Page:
A Traveller at the Gates of Wisdom: Lively but long-winded

John Boyne’s time-shifting novel buckles under laboured speech and historicalese

John Boyne: The best-selling author, speaking through his various conduits, has a serially unmusical voice in his new novel. Photograph: Alan Betson

John Boyne: The best-selling author, speaking through his various conduits, has a serially unmusical voice in his new novel. Photograph: Alan Betson

John Boyne’s lively and overreaching new novel begins with King Herod’s Massacre of the Innocents and ends in the future. Its artist narrator lives the normal lifespan of a human, but over two millennia. Sometimes he paints boats in Egypt, embroiders in South Korea or writes novels from Scottish jails.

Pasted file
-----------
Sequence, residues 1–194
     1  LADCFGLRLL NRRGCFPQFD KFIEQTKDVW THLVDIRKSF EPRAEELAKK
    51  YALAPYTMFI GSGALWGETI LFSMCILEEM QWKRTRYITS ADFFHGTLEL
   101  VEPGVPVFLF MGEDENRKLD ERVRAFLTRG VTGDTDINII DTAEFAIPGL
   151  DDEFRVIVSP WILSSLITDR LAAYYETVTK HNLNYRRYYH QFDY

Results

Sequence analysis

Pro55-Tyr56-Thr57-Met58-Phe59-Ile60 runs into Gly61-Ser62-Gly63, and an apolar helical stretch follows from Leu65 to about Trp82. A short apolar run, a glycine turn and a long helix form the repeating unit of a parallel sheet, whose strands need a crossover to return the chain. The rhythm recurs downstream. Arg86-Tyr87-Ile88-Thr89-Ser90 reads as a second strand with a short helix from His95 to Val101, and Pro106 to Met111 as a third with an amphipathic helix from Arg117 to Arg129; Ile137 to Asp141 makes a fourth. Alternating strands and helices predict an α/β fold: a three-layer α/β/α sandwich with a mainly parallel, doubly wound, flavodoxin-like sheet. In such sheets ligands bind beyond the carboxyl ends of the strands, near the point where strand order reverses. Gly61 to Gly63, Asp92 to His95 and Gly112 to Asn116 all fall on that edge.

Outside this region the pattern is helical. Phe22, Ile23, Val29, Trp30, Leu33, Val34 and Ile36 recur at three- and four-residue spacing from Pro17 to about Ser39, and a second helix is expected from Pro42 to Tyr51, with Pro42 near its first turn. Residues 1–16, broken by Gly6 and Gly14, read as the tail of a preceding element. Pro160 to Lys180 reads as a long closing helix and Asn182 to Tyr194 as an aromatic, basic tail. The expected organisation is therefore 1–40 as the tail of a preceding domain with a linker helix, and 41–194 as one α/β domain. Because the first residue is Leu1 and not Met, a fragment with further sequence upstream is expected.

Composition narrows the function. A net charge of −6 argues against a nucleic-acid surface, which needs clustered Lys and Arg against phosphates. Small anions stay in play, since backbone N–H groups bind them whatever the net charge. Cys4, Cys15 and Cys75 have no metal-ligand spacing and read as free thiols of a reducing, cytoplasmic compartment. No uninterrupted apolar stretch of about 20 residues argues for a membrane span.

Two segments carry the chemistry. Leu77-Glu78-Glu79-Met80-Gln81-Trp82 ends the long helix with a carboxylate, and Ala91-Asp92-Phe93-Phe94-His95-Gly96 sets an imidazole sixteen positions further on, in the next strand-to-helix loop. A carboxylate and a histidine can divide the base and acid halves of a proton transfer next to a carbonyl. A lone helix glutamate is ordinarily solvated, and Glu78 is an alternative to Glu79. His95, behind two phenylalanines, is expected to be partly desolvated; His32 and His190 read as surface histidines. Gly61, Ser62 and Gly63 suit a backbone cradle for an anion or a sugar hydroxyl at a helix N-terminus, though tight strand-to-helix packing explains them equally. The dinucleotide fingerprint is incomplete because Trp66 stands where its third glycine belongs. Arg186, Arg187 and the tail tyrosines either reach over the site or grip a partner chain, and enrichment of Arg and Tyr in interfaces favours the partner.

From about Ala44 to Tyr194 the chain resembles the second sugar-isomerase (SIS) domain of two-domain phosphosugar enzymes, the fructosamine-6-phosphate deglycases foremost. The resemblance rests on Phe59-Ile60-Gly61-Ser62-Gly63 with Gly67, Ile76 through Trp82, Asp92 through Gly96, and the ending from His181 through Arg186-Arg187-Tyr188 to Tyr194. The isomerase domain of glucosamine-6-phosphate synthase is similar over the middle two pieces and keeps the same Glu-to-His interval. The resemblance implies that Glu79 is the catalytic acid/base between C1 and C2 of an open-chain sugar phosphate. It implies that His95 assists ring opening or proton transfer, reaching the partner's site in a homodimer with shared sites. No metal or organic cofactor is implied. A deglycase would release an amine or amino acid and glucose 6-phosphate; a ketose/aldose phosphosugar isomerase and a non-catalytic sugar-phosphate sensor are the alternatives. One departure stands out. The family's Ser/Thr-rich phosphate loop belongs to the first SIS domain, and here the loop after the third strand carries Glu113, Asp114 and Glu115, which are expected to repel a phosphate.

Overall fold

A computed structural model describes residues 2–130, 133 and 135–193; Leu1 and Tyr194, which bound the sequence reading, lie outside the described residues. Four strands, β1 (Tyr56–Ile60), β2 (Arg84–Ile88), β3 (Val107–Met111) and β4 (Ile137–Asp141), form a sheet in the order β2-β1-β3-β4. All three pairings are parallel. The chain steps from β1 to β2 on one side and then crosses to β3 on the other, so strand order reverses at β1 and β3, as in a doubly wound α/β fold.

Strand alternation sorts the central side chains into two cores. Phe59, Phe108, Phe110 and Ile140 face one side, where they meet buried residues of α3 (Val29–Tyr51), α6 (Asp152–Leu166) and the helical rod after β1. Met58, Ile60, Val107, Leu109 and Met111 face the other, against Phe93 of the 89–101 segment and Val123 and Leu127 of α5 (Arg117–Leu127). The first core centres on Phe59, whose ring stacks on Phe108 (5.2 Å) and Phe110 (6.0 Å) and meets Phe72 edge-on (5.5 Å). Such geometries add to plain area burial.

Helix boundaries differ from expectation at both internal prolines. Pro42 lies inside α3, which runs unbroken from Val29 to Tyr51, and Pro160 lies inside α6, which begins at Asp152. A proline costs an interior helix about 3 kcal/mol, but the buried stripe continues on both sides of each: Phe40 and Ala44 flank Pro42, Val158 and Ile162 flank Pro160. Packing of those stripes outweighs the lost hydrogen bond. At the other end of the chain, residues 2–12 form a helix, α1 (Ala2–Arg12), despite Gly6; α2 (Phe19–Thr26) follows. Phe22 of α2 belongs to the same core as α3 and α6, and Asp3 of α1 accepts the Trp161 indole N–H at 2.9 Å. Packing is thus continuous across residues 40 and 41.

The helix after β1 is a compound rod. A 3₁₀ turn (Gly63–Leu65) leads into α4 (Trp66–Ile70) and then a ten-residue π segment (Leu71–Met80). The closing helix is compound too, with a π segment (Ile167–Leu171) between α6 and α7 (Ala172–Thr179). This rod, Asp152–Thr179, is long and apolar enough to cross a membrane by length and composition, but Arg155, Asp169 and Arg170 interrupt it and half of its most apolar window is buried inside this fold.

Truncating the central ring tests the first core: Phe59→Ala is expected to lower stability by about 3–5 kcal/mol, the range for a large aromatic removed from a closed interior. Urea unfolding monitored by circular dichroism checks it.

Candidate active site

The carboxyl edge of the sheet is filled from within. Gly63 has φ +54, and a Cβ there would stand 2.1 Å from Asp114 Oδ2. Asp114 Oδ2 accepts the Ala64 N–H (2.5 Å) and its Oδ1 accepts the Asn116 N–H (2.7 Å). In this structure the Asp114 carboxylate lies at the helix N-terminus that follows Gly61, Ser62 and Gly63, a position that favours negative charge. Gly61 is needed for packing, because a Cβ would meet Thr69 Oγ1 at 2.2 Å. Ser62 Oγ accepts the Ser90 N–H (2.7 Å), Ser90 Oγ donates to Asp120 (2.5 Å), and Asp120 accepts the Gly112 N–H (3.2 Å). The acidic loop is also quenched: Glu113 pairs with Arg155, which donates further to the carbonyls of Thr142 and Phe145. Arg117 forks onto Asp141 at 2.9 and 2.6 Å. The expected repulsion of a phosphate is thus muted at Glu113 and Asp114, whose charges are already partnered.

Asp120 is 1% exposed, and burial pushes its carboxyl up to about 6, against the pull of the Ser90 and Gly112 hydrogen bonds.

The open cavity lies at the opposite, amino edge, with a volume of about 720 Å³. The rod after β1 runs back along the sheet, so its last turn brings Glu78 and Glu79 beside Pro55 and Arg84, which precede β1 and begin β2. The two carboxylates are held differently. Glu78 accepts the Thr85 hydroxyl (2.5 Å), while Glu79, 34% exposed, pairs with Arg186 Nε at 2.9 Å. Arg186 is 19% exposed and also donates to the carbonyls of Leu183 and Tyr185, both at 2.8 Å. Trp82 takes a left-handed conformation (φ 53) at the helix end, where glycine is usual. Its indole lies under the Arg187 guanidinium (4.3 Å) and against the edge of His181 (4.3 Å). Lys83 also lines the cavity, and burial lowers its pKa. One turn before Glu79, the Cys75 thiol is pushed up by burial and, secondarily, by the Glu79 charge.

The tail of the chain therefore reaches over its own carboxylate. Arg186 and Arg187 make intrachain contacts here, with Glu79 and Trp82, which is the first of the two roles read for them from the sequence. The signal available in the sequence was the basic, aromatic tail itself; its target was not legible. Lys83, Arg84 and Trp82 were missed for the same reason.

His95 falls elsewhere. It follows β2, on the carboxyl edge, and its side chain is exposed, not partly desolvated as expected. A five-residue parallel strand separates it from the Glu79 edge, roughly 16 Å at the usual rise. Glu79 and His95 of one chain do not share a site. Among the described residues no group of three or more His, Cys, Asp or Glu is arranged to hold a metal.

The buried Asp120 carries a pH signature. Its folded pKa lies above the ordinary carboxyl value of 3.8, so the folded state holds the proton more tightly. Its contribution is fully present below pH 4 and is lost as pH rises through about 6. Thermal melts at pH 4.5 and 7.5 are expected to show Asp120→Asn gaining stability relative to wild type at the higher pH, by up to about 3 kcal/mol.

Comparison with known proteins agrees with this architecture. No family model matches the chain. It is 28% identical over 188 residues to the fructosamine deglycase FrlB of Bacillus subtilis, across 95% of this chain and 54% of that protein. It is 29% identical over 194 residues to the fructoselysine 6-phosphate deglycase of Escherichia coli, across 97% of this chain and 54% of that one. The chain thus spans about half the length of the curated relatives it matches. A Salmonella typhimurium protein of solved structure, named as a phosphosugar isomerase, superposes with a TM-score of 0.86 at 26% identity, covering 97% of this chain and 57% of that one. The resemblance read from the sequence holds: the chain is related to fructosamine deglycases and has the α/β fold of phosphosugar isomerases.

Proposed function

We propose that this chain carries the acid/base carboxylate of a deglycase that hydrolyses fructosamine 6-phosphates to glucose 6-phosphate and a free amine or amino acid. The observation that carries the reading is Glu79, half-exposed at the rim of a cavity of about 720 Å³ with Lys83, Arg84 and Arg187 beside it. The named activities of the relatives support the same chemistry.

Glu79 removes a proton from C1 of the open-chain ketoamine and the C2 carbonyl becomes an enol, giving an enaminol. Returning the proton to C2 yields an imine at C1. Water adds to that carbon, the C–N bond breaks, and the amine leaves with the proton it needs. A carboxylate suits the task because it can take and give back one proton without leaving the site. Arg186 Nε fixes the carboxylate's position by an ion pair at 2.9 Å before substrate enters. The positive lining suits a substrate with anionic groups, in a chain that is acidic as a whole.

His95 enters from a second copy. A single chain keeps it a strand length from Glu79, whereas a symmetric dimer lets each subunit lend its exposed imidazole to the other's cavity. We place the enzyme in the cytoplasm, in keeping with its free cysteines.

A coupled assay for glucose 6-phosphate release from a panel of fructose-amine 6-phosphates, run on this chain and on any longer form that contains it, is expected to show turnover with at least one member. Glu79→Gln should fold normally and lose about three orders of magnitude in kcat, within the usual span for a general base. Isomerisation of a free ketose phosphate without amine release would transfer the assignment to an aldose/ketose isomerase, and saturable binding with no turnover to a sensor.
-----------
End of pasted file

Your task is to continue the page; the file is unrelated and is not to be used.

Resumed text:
The perspective of A Traveller at the Gates of Wisdom shifts a few decades with each chapter, its story and most of the particulars being taken up in relay by a different man in a different country. But each has a violent older brother, a protective and jealous sister who would have made a great warrior had it not been for her gender, and a handsome, clever adopted cousin who will cause the narrator great pain and drive him to seek vengeance.

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